Isaac Shepard (2009): 33mins (approx)
Review by Kate Russell
“The Renewing” is the third album by Isaac Shepard. A composer for twenty years, Isaac finds inspiration in travel, the beauty of life and, perhaps most importantly, his faith. In his words “(He’s) just trying to do (his) small part in sharing the peace and joy that God has given (him)”. Though a relatively short album, it is also one that for the most part is packed with unexpected twists and turns – just as you think you have the hook, it inverts and turns into something completely different, whisking you away down another musical rabbit hole. This is music that evolves, that renews itself as much as you might expect from an album with this title.
Starting off the album, ‘Tears Can Fall’ uses unexpected ‘drips’ of piano trills against the main melody to evocative effect.
‘Let Me Sleep’ starts off with an interesting hook, that includes minors and missed notes. Moving between more melodic and sinister tones, it could easily represent the transition through nightmare to dream, consciousness to shadow. ‘Dimming the Lights’ isn’t so contrasting, but deserves a mention for hook and atmosphere.
A playful feeling waltz, with a soft hook, ‘Good Company’ is as delicate and thought provoking as any Satie composition at the beginning and melts into a feel-good conclusion by the end. Definitely one of the best tracks on the album, along with ‘Countdown’, in which the piece’s strong 2/4 rhythm captures perfectly the inescapable feeling of time passing.
Sometimes pensive, and at other times hopeful, ‘Simple Moments’ explores more of the changeability on this album. ‘Pretty Fingers’ follows on comfortably from here, with more major/minor contrast that gives it duality of emotion.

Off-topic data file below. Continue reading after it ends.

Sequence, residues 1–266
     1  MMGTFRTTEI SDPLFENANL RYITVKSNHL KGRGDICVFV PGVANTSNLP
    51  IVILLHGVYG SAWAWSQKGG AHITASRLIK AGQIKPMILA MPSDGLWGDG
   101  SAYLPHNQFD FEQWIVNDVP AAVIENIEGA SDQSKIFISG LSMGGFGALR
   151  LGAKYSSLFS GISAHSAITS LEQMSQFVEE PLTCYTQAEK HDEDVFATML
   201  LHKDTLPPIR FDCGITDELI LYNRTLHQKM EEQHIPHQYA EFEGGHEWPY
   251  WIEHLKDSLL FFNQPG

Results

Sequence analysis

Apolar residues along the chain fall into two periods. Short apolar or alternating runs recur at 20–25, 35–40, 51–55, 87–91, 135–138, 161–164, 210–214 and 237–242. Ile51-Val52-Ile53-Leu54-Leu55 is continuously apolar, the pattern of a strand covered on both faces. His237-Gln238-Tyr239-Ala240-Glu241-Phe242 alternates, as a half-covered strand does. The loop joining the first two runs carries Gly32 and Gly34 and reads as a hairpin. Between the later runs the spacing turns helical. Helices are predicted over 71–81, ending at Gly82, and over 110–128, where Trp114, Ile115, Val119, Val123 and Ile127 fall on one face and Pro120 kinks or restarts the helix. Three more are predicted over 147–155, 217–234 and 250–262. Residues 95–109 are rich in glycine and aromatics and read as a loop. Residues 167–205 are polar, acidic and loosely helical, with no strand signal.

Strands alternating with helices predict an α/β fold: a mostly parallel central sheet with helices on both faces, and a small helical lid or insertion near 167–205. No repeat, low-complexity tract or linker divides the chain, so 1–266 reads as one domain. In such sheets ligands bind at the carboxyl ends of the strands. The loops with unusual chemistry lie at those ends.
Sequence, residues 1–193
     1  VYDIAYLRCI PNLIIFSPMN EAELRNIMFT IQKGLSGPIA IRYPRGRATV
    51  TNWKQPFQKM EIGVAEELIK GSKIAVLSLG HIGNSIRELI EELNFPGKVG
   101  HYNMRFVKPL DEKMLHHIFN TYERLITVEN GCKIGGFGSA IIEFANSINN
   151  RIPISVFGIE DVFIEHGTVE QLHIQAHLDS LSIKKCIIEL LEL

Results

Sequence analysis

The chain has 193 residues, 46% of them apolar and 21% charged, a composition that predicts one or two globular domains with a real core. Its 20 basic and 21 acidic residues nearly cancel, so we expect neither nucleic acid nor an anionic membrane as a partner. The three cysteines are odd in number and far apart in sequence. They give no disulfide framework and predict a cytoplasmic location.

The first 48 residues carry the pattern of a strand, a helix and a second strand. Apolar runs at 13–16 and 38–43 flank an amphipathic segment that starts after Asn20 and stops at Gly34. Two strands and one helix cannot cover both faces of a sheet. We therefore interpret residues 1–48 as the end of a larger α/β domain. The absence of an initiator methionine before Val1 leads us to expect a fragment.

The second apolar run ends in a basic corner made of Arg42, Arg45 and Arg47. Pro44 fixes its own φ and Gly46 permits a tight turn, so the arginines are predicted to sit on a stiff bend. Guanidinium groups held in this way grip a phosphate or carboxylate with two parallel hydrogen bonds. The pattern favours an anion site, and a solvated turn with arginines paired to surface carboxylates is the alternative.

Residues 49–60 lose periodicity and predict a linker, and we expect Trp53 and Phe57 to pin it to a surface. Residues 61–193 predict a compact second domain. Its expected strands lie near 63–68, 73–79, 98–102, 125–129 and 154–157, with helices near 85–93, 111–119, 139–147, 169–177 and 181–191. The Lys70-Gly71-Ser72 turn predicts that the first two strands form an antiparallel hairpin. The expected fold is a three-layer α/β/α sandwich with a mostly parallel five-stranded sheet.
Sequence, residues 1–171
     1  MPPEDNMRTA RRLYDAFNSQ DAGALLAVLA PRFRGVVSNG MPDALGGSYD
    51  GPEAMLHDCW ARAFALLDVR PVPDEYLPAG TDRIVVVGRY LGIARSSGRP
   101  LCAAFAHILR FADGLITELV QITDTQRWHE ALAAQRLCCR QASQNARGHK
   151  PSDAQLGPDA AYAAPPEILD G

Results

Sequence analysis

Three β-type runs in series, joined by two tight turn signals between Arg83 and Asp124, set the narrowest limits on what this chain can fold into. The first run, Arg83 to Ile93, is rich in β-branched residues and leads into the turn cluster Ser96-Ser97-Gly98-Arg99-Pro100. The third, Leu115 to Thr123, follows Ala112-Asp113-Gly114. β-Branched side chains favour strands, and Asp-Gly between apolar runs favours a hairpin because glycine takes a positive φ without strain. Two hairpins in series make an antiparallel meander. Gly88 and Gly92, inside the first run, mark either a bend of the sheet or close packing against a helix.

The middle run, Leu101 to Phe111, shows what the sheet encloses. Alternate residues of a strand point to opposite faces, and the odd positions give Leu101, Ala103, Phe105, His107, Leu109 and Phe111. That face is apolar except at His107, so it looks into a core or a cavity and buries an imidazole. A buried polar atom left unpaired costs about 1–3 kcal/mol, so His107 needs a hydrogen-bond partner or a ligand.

As slow as its name suggests, ‘Slow Down’ is a quintessential outro track. With drama building in the middle, it seems as though there will be definite resolution to the album. But the pensive melody returns at the end of the piece, leaving the listener with a question – the answer and meaning of which, it is up to the listener to decide.
There were songs on the album which took more than a few listens to get into. ‘Doors of Life’ was a simple piece in contrast to the playful jumps and hooks found elsewhere on the album. ‘All Smiles’ was a little arpeggio-heavy, and I wanted to hear more of the tantalizing flares that existed but did so all too sparingly. I appreciate, personal taste is a factor here, but on a 33 minute album every second counts to make an impact.
To sum, the pieces played on “The Renewing” are a perfect representation of the concept that contains them. The twists and turns in the music remind us of the evolution of things, of music and of ourselves.
If you’d like to listen and contemplate the meaning of ‘The Renewing’ for yourself, or read a little more about the artist in his own words, then check out his official site and blog at: http://www.isaacshepard.com/. Mp3s of the album are available for download from iTunes and Amazon mp3, whilst physical CDs are available at both Amazon and CD Baby.
Kate Russell is a singer/songwriter and busker from Vancouver, up until recently performing under the stage name Jadis Gloom (www.myspace.com/jadisgloom). Currently she is taking some time out from her solo music projects to write, listen to other styles of music and gain inspiration from other artists and their own creative journeys. Believing that to look into someone’s art is also to look inside their soul, she enjoys the intimate opportunities for understanding others in new ways that being a music critic provides.